440137. IRELAND, Celtic. ‘Ring Money’. Circa 1150-750 BC. AV Plated Æ (17x15.5mm, 8.36 g). Thick gold-plated bronze band with thin silver inlay pattern. Van Arsdell 1-3; ABC p. 202; SCBC p. 117; cf. Quiggin p. 279-81; Opitz p. 280. VF. ($1450) Ex Christie’s (13 October 1992), lot 110. Prior to the use of regular round struck or cast coinage, the Celts employed items of various shapes and metals for trade. Although not conclusively identified as an early form of money, these rings have been found in coin hoards and do bear some resemblance to other Celtic objects accepted as “proto-money”, such as small bronze or potin wheels. R.D. Van Arsdale, in his book Celtic Coins in Britain, notes that precious-metal rings such as this “may have had multiple functions; as items of personal adornment (many were hair ornaments), as a means of displaying wealth, and as a medium of exchange. The weights and diameters vary, making it difficult to establish whether denominations existed.” The authors of ABC, on the other hand, regard these as jewelry and ornaments, albeit some ceremonial wealth-storage value attached.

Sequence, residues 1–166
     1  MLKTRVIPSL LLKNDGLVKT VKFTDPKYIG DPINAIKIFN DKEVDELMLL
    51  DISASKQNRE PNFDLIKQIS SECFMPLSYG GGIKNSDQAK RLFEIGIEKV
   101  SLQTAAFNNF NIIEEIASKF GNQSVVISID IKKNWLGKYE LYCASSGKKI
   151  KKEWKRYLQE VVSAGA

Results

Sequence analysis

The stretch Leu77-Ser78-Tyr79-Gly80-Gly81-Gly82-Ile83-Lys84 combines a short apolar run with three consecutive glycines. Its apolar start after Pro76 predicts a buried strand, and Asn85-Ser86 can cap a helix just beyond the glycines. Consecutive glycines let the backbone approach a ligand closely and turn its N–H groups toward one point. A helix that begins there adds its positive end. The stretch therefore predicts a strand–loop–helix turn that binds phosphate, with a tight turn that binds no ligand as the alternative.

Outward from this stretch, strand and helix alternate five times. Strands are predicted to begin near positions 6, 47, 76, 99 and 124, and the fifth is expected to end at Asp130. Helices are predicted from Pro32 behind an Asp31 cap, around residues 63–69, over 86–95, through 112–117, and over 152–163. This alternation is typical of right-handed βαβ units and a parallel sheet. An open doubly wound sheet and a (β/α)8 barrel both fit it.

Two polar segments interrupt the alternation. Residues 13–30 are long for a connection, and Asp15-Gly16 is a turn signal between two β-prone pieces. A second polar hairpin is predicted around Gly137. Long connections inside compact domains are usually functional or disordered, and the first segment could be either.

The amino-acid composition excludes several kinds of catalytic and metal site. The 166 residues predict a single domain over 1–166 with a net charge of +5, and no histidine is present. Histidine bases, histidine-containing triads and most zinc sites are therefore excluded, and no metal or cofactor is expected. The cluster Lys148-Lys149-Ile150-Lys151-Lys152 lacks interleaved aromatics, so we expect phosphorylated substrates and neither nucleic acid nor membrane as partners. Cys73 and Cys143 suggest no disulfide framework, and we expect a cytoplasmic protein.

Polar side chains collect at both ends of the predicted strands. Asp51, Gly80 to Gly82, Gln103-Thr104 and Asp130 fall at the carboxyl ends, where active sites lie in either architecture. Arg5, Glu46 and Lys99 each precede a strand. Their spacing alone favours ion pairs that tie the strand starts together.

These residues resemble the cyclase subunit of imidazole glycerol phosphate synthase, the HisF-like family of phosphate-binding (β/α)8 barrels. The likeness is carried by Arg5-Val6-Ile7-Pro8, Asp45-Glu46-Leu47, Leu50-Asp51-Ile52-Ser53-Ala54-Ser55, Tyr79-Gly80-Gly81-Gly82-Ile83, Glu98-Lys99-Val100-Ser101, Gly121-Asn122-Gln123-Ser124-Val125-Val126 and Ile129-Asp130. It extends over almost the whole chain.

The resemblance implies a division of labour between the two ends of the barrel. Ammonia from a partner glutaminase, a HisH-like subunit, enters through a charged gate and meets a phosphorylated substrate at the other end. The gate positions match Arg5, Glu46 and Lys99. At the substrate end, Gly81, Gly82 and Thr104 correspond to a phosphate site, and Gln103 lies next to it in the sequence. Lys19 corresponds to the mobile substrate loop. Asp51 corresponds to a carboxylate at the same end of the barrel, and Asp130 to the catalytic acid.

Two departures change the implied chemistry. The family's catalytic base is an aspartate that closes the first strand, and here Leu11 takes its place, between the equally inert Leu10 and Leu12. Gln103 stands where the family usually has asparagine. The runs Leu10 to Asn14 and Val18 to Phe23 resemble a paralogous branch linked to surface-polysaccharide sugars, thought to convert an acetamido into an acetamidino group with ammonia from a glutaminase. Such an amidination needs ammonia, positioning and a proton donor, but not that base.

447366. IRELAND. James II. 1685-1691. Æ Crown (38mm, 14.35 g, 5h). ‘Gunmoney’ coinage. Dublin or Limerick mint. Dated 1690. IAC · II · DEI · GRA · MAG · BRI · FRA · ET · HIB · REX, James on horseback left, holding sword in right hand and reigns in left / CHRIS TO · VICT ORE · TRU · VMPHO, crowned cruciform coats-of-arms around central crown; ANO DOM/ 16 90 across field. D&F 366; SCBI 22 (Copenhagen), 432; SCBC 6578. Good VF, brown surfaces. ($525)

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BRITISH MEDALS

447002. TUDOR. temp. Elizabeth I. 1558-1603. AR Jeton (30mm, 6.06 g, 12h). On the Battle of Turnhout, 24 January 1597. Dordrecht mint. Dated 1597. Ⴛ VICTORIA • TVRNOTANA • 24 • IANVARII • 1597 •, scene of the Battle of Turnhout; Anglo-Dutch soldiers and cavalry pursuing retreating Spanish forces; town of Turnhout in background / Ⴛ A • DOMINO • FACTVM • EST • ISTVD • (By the Lord was that done), coats-of arms of France, England, and the Dutch Republic joined by ribbon tied at top into bow. MI 165/151; Eimer –; Van Loon I, p. 479; Dugniolle 3412. Good VF, toned. Rare in silver. ($795)

446660. temp. HANOVER. Robert Walpole, 1st Earl of Oxford. 1676-1745. AR Medal (49mm, 33.29 g, 12h). By L. Natter, after J.M. Rysbrack. Struck 1741. ROBERTUS · WALPOLE · ORD : PERISCELIDIS · EQVES ·, draped bust right / REGIT · DICTIS · ANIMOS (He governs minds by eloquence), statue of Marcus Tullius Cicero. MI 562/193; Eimer 562. EF, toned, edges lightly filed. Rare. ($575) Ex RBW Collection. The reverse depiction of Cicero is taken from a statue owned by the Lord Leicester and a part of the Holkham Hall collections.